Autism Awareness Month: Meet the Expert, Kristen Lyall, Modifiable Risk Factor Researcher

Kristen Lyall, SCD, works in the Modifiable Risk Factors research program, focusing on environmental exposures during pregnancy.

During Autism Awareness month, the Drexel News Blog has spoken with leaders in the autism research field from the A.J. Drexel Autism Institute.

The Autism Institute’s mission is to understand and address the challenges of autism spectrum disorders (ASD), while improving the quality of life for individuals of all ages with ASD. To that end, researchers at the Institute focus on four core disciplines: modifiable risk factors; early detection and intervention; life course outcomes; and policy and analytics.

Kristen Lyall, SCD, is an assistant professor at the Autism Institute and works in the Modifiable Risk Factors research program.

What is your research focus?

As an epidemiologist, I examine a range of environmental exposures that occur during the prenatal period along with the development of ASD. Most of my work focuses on maternal risk factors like diet, environmental chemicals, as well as pregnancy complications. In working together with our exposure science laboratory, I am also interested in biomarkers of these exposures, and better understanding the pathways and mechanisms underlying them.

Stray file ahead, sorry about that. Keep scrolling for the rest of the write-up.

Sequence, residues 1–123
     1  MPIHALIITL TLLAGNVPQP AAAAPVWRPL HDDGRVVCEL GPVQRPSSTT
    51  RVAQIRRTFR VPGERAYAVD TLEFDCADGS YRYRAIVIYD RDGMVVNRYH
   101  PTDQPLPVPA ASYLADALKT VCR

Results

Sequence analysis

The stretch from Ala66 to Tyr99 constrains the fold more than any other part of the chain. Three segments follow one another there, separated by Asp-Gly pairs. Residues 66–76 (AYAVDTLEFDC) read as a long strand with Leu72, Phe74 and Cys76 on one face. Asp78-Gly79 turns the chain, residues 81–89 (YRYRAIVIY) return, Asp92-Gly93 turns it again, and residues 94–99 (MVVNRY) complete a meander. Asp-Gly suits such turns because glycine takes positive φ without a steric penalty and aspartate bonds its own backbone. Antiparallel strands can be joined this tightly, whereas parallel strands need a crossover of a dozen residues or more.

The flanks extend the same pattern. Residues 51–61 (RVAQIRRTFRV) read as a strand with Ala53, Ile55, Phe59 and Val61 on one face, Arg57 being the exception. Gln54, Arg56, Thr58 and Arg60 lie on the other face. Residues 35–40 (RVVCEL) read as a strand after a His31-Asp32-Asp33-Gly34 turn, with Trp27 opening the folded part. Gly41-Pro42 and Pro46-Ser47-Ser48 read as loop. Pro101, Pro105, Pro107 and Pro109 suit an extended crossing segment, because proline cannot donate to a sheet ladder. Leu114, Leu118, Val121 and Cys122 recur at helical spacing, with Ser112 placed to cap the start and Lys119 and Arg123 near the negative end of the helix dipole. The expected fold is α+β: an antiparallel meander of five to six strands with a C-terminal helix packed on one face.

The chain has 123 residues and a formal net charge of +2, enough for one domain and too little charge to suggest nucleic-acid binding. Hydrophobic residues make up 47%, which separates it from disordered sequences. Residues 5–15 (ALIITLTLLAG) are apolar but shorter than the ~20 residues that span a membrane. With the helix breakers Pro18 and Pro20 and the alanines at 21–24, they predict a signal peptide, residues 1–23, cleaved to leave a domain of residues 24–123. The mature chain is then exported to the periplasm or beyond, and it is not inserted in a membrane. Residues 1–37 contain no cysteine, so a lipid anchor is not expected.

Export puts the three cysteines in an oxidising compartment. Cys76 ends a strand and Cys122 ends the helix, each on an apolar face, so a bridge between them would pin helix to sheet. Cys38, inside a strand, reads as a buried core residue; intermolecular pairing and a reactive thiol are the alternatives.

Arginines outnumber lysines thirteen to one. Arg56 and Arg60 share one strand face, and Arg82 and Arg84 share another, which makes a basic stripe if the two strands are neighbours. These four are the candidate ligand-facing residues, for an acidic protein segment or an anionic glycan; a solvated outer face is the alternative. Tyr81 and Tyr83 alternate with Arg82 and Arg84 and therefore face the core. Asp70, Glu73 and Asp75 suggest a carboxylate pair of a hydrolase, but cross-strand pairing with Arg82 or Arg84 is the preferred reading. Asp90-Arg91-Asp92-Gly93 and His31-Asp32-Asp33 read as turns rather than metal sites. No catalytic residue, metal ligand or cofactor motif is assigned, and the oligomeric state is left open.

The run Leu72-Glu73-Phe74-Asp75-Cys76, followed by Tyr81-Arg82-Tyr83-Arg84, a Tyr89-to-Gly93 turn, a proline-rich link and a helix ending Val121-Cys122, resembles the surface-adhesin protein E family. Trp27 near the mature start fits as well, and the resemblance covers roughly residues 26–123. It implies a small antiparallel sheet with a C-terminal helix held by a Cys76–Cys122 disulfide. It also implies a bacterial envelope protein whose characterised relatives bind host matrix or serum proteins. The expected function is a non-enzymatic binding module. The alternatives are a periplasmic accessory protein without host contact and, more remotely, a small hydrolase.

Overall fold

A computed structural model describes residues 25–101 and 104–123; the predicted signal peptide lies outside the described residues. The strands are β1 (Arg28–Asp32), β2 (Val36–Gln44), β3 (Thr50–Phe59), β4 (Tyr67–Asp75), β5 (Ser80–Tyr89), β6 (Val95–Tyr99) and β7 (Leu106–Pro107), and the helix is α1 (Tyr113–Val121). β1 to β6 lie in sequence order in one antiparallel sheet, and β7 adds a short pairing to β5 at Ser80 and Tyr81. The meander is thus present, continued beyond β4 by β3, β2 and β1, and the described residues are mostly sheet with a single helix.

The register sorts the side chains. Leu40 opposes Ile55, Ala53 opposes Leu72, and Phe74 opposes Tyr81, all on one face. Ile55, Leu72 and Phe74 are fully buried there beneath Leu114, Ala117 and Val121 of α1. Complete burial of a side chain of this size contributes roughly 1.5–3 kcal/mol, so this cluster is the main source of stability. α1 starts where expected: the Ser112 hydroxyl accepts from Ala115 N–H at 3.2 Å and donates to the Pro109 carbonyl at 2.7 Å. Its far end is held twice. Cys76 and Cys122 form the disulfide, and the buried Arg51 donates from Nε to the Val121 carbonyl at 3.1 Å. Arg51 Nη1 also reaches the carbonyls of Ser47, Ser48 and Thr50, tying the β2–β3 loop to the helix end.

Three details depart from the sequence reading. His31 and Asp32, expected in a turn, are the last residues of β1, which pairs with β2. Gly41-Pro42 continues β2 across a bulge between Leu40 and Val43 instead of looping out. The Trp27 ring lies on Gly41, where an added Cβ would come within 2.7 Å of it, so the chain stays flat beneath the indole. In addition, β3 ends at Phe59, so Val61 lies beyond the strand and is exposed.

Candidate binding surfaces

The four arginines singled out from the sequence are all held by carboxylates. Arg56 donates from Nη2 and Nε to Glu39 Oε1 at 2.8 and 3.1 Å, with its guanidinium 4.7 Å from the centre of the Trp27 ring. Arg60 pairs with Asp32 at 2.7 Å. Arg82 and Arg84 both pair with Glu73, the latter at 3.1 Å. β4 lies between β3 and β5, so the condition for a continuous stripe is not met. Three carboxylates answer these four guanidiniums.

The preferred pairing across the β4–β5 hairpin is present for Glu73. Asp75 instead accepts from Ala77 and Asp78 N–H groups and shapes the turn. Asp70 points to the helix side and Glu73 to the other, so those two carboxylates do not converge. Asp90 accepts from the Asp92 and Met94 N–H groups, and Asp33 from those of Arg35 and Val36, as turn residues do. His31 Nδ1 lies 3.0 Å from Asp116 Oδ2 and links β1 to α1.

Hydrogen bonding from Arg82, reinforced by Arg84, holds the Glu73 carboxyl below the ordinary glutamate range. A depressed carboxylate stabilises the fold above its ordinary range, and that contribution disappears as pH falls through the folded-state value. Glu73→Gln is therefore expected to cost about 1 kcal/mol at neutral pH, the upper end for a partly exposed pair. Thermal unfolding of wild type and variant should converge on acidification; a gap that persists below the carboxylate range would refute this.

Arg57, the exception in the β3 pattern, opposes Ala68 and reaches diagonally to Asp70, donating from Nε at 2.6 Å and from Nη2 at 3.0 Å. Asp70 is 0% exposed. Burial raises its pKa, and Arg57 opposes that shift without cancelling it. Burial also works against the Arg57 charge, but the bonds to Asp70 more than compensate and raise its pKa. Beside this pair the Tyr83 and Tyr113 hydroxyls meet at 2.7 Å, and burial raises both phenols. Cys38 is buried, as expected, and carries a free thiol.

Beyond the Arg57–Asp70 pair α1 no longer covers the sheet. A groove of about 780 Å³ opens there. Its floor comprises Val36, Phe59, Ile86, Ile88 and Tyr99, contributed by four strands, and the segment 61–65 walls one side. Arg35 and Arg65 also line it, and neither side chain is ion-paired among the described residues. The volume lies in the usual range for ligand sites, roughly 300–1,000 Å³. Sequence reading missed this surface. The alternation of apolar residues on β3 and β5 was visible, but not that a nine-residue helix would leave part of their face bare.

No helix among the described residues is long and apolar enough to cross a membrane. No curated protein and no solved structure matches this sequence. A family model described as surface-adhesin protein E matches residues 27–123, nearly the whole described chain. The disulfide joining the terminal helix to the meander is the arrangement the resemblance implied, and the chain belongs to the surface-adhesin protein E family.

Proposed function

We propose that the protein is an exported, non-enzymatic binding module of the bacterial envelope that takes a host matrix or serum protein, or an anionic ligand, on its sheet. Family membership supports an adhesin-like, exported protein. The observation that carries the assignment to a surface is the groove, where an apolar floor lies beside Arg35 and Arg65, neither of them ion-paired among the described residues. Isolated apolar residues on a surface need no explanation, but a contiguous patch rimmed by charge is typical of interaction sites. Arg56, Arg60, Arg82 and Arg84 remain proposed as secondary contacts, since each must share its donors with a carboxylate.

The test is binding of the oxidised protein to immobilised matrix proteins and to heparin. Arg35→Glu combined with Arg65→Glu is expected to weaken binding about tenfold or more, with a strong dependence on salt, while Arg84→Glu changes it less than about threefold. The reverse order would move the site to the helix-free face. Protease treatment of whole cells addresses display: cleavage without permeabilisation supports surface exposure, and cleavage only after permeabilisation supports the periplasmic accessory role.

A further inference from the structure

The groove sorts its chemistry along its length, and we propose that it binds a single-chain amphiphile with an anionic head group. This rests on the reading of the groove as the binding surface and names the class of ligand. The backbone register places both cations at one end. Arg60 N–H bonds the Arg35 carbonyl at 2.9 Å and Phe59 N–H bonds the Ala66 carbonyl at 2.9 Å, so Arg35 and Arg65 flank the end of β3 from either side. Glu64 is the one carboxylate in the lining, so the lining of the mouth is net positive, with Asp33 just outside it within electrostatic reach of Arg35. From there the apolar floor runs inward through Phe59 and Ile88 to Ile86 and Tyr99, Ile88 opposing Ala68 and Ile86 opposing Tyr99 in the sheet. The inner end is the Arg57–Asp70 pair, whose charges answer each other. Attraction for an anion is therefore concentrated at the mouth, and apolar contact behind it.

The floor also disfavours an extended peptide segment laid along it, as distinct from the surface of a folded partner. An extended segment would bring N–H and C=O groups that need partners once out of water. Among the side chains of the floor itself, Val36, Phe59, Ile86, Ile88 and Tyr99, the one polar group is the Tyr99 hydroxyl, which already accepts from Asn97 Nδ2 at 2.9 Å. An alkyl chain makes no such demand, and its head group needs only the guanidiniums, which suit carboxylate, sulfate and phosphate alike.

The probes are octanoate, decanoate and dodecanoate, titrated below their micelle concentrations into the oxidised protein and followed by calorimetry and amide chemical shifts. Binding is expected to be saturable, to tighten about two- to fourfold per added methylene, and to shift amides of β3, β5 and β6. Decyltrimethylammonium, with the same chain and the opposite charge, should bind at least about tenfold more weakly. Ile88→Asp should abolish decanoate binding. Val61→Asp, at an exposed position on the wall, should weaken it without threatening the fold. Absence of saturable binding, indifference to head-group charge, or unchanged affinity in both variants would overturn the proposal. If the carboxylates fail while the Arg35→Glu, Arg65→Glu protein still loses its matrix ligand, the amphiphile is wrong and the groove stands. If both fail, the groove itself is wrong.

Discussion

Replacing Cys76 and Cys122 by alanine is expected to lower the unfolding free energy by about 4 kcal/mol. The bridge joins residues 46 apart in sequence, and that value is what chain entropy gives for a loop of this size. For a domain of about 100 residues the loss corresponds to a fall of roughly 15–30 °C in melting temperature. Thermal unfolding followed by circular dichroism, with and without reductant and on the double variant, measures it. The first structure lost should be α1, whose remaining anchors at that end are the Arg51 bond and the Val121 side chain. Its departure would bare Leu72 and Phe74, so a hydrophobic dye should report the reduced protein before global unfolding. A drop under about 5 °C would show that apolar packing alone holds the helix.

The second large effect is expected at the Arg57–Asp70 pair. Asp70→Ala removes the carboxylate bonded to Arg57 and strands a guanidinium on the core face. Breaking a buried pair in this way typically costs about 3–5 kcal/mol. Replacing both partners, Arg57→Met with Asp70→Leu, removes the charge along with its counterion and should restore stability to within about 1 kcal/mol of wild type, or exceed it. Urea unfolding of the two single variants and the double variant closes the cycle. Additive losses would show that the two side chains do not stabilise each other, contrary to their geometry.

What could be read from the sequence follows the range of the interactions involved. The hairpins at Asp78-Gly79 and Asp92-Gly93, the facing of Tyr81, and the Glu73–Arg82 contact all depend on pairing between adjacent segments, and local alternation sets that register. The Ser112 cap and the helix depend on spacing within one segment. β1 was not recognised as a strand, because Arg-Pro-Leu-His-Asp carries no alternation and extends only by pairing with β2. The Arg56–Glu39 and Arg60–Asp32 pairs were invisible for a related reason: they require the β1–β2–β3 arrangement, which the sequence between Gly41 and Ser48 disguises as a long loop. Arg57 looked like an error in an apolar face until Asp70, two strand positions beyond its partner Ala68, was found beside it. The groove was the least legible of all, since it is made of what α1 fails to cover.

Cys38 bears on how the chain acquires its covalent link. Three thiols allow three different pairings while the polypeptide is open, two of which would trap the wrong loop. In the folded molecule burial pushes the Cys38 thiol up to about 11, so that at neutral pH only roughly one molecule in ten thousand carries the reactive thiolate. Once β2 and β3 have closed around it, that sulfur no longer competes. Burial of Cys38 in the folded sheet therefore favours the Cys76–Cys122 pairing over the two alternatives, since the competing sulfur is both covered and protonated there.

How did you become interested in autism research?

I first became interested in autism as an undergraduate student, when I was working for a local counseling clinic as a behavioral aide for a young man with high-functioning autism. Through discussions with his mother, as well as other parents of children on the spectrum later in my career, I was really drawn to the desire to better answer their questions about why and how autism occurs. My interactions with his family complemented coursework in human genetics, biology, and psychology. As a very complex condition, autism really interested me in all the questions surrounding it spanning these fields.

During my graduate training in epidemiology – a field that really merged a lot of those earlier interests of mine in an applied way – I took on the development of a follow-up study of autism nested within a large cohort study, and I’ve stayed in the field ever since.

Why is Autism Awareness month important?

Awareness months are important in reducing or dispelling certain misconceptions and increasing understanding. The prevalence of autism has rapidly increased over recent decades, and with increasing commonness comes the need for increased recognition of the unique strengths and challenges individuals on the spectrum have, as well as a need for better understanding about what we know (and don’t yet know!) about autism. Autism is a complex condition with no one cause, and though there are core features that define autism, individuals with a diagnosis of autism are not all the same.  

I also think it’s important to recognize that autism is something that impacts the entire family unit, and that people – both those with and without autism – have different ways of experiencing and interacting in the social world.

This series also includes interviews with A.J. Drexel Autism Institute interim director and professor, Diana Robins; assistant professor, Nathaniel Snyder; and director of the Policy and Analytics Center, Lindsay Shea.

Media interested in an interview with Kristen Lyall should contact Annie Korp at 215-571-4244 or